I come from a town called Luton.
It isn’t very nice.
Luton is a sprawl of houses dropped across a valley in the East of England, along the meandering River Lea. It's home to about 210,962 people, and it occasionally makes the headlines because a lot of those people aren’t white.
Whenever there's an editorial, list or poll ranking the worst places in the UK, Luton invariably shows up somewhere near the rancid top. It has a high crime rate, an ugly look, and a tendency to be used as a lens for discussions on the failure of multiculturalism. After all, it's a working class town with a high migrant population, notorious for birthing religious radicals and extremist hate-groups like the English Defence League.
A recent article in The Sun went so far as to dub Luton: "The Town At the End Of Humanity," based on the studious musings of a reddit thread.
Which, if you ask me, is a waste of a perfectly good book title.
Luton is famous for its international airport.
The local economy used to be based around manufacturing straw hats, and after that trade died off, around a Vauxhall car factory. But now the straw hats are gone, and while Vauxhall's head office remains in town, the factory has closed. Luton touts its a raucous annual carnival and a university popular with foreign students (possibly because they don't know the town's reputation), but the airport is what it's known for.
Pointedly, the airport is called London/Luton Airport, emphasis on the London. Tourists don't come to visit Luton; they pass through it on their way to other points.
A cruel joke about Luton is this:
The town's primary export is people who are desperate to be somewhere else.
It's the little things you remember.
I'm sixteen years old and covered in spots, talking to a pair of Muslim girls in Luton's Arndale Shopping Centre. They're each cradling an enormous tub of Pick-N-Mix. It's Ramadan, they explain to me, the time of fasting. They're saving the sweets for sunset, at which point they will scoff them all for a gigantic sugar rush. Quick relief from the fast.
I'm thirteen, and sitting in a high school classroom that stinks of deodorant and apathy. A substitute Maths teacher is trying to keep things in order, but the kids have deliberately decided to find his name unpronounceable. Balls of screwed-up paper are flying from desk to desk. Occasionally someone will mock the teacher's thick South African accent.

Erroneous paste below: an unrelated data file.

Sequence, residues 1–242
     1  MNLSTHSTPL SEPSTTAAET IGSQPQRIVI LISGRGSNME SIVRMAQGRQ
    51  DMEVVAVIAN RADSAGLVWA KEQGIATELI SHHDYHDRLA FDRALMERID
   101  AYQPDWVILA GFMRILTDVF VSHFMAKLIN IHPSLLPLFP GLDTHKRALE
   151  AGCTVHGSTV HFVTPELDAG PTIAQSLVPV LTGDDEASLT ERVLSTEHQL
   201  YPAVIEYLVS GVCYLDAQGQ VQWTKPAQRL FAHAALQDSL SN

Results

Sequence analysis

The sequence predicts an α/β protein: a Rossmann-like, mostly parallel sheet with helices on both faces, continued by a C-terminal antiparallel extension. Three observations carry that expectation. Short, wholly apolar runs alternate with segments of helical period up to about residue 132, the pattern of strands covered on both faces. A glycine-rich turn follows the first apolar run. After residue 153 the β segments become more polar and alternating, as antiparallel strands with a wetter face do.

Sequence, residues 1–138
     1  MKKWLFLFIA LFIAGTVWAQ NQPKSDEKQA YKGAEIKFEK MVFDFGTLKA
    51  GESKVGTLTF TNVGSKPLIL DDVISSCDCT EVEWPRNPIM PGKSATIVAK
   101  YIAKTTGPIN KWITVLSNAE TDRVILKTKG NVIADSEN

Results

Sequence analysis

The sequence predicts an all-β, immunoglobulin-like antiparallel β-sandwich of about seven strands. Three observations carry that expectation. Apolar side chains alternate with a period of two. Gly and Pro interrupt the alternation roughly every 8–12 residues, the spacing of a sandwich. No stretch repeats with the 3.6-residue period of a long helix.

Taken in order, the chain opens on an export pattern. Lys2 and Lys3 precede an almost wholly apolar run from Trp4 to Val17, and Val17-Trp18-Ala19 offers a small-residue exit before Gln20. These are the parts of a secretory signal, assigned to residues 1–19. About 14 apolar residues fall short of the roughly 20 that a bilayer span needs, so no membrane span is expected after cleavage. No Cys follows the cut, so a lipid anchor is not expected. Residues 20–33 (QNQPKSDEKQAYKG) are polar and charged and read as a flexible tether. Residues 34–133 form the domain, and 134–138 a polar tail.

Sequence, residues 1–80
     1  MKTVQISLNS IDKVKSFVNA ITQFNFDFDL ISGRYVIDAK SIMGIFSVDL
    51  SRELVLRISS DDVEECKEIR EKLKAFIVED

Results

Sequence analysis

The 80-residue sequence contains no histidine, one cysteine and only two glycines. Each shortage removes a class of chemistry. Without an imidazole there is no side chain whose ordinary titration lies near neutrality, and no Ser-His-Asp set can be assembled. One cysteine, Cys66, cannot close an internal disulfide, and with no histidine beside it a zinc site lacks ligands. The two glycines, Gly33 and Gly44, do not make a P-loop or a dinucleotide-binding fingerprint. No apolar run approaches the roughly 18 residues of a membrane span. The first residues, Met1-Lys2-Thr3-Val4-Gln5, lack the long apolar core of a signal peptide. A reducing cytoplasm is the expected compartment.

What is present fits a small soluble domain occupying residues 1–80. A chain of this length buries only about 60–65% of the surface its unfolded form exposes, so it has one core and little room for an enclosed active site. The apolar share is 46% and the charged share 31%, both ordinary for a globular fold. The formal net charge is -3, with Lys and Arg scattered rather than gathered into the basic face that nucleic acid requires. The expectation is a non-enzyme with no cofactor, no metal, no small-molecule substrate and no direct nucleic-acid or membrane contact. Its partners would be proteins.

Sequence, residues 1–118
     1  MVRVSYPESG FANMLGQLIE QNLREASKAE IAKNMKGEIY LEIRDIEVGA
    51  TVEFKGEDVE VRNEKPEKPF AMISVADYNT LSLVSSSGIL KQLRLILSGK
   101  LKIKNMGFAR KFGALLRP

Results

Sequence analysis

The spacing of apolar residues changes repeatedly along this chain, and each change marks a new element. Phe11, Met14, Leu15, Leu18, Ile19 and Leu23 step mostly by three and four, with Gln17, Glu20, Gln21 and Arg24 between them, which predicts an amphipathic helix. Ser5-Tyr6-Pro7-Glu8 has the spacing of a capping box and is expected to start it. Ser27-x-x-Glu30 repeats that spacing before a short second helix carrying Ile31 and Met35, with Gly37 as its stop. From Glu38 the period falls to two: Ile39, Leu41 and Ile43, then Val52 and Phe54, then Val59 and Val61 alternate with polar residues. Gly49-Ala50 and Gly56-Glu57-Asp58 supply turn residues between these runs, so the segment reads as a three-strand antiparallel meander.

I'm twenty-two and home from university. A handful of Polish supermarkets have opened in the town, thanks to a recent wave of new arrivals from Eastern Europe. I'm standing in one, staring blankly at boxes of breakfast cereal, wondering if I might find pierogi elsewhere in the store. I've been to Poland, I think to myself. I ought to recognize more of these words.
Luton's multiculturalism is a complicated thing; a diverse population in a poor area inevitably leads to tensions and conflicts. But it also exposes young people like myself to a greater variety of worldviews than they might otherwise get. Without it, my home town would be even less remarkable; just poverty and luggage rushing to the airport. Instead, I grew up in a seething mess of different peoples, jostling together and apart. Colour on the brick and concrete--for, I hope, more good than ill.
I've always been surrounded by different cultures. I've never been allowed to think of mine as the only one. I've always wanted to go out and see more.
It may be The Town At The End Of Humanity.
But it at least gave me a place to start.
For anyone curious, here's a breakdown of the town's demography. Luton has a 54.6% white majority, though that includes both the town's Irish population (3%) and White Others (7%).
Overall, Luton considered a White-British minority town; one of three in the UK, including Leicester and Slough. Nevertheless, 81% of the population identifies as British regardless of ethnic background--so it can still be safely described as overwhelmingly British, if not overwhelmingly white.
...Though as someone who has to tick the "Any Other/Mixed," box on forms, I'm a little wary of these kind of statistics. They always make me feel like I'm some kind of ethnic cocktail.